Such have been his Kansas experiences and they stamp him as one of the sturdy and progressive men of Hamilton County. Now something should be said of his earlier life and of his family. He was born at Wayne in Lafayette County, Wisconsin, December 23, 1855. His grandfather, Francis Clark Webster, was a native of Pennsylvania. He and his family were very devout Christians and for many years he served as an official in the Free Will Baptist Church. His death occurred in Lafayette County, Wisconsin. By his marriage to Sylvia Belden he had the following children: Hiram, Samuel C., Seymour, Mrs. Mary Andrews, Mrs. Louisa Andrews, Edwin and Adrian. All the sons except Hiram were in the Union army and Edwin and Adrian gave up their lives to the Union cause.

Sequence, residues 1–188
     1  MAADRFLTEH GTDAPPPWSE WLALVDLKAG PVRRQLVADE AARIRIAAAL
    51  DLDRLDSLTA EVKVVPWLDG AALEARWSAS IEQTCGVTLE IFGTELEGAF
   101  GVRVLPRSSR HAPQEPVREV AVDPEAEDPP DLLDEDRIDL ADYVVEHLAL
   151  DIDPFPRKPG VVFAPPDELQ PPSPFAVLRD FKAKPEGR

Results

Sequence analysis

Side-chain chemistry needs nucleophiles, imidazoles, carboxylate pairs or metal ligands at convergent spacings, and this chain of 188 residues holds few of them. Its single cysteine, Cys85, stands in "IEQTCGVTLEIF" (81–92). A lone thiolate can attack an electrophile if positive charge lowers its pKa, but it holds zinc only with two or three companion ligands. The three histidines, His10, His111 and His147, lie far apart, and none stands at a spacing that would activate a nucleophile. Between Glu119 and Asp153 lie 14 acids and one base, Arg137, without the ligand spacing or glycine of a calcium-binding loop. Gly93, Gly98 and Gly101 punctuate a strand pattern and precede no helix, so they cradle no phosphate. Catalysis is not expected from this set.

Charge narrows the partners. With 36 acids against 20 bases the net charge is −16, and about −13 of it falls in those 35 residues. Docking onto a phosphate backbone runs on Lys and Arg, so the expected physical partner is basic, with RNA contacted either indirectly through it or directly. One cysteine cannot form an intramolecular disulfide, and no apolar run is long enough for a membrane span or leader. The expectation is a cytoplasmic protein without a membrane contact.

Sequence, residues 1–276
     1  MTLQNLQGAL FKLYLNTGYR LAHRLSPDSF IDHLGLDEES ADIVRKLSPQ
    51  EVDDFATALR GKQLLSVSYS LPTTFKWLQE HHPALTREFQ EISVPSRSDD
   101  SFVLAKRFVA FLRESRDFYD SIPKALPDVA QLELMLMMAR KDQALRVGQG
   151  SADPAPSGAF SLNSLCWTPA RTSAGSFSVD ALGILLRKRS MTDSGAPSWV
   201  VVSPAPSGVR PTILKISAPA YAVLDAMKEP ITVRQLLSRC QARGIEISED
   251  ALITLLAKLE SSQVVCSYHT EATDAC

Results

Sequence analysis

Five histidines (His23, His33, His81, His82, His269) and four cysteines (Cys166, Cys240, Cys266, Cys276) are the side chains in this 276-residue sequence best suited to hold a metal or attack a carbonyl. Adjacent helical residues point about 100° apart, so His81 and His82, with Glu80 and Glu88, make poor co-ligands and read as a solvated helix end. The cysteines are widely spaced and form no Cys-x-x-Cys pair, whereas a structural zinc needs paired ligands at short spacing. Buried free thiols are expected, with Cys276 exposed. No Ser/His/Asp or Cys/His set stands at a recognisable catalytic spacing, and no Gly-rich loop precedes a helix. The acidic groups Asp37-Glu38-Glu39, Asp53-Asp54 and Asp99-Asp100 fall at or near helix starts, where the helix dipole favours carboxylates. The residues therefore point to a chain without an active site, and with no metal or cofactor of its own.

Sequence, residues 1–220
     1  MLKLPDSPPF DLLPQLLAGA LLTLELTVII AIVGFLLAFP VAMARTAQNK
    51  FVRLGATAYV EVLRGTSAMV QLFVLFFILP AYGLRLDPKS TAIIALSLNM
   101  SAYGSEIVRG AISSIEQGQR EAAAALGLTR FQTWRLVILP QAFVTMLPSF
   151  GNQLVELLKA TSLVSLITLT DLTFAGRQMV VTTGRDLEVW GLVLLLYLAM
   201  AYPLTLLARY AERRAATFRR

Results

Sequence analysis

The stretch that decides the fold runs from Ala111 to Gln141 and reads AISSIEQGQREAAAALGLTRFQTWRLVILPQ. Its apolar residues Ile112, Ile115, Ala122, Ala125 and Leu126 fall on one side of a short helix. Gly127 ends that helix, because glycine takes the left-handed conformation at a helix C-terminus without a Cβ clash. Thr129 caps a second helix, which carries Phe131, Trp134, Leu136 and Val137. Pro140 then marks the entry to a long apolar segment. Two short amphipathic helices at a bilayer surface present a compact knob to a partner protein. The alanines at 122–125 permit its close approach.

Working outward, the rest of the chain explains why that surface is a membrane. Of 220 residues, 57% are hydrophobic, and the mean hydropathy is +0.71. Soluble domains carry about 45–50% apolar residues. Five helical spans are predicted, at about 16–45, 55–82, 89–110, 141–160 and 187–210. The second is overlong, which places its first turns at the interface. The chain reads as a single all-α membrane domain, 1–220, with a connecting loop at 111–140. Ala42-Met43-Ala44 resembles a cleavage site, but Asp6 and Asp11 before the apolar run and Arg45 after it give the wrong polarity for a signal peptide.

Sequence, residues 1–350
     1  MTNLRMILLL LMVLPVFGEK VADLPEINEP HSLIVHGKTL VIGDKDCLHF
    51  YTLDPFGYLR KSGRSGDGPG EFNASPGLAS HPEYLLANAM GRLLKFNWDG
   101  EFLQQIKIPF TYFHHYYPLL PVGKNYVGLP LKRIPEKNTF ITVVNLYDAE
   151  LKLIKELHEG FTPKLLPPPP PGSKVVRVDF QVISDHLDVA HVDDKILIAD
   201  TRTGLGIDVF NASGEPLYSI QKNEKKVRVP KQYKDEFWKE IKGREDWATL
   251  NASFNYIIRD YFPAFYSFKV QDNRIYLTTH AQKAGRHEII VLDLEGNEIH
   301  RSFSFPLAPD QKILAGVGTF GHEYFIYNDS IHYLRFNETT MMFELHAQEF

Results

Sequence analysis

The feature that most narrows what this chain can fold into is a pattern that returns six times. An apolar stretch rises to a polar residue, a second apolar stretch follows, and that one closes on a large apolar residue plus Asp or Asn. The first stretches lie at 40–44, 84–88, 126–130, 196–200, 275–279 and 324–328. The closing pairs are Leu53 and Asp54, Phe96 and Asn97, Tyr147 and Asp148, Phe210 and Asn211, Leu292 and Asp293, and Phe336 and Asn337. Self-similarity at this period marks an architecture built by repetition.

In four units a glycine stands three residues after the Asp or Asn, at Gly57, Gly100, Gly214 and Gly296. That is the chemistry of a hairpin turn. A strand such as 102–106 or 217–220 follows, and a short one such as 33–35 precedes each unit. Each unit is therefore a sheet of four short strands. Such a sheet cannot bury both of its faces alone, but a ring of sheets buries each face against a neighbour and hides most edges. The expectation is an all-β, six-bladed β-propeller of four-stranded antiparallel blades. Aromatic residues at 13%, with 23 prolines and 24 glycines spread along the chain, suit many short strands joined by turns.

The father of John F. Webster was Samuel Clark Webster, who was born in Ashtabula County, Ohio, and went to Wisconsin when a young man. He possessed a fair education and kept himself occupied with the duties of a private citizen all his life. At the outbreak of the rebellion he volunteered at the first call, and was enlisted in the Fifth Wisconsin Battery. By trade he was a blacksmith and was assigned to duty in that occupation or as an artificer in Captain Pinney's Company. At the close of his first term of enlistment he was mustered out and sent home on a veteran furlough and then returned and was with the army until the end. He was captured and was held as a prisoner at Libby, Salisbury and Andersonville, but was exchanged and was on duty in a Federal uniform when the end of hostilities came. He married in Lafayette County, Wisconsin, Miss Mary Eastman, daughter of John Eastman, also a native of Ohio. Both of them died at Delphos, Kansas. Their children were: John F.; Mrs. Ella Ballou, of Ottawa County, Kansas; George, of Magdalena, Colorado; Frank, Ottawa County; and Mrs. Silvie Porter, of San Bernardino, California.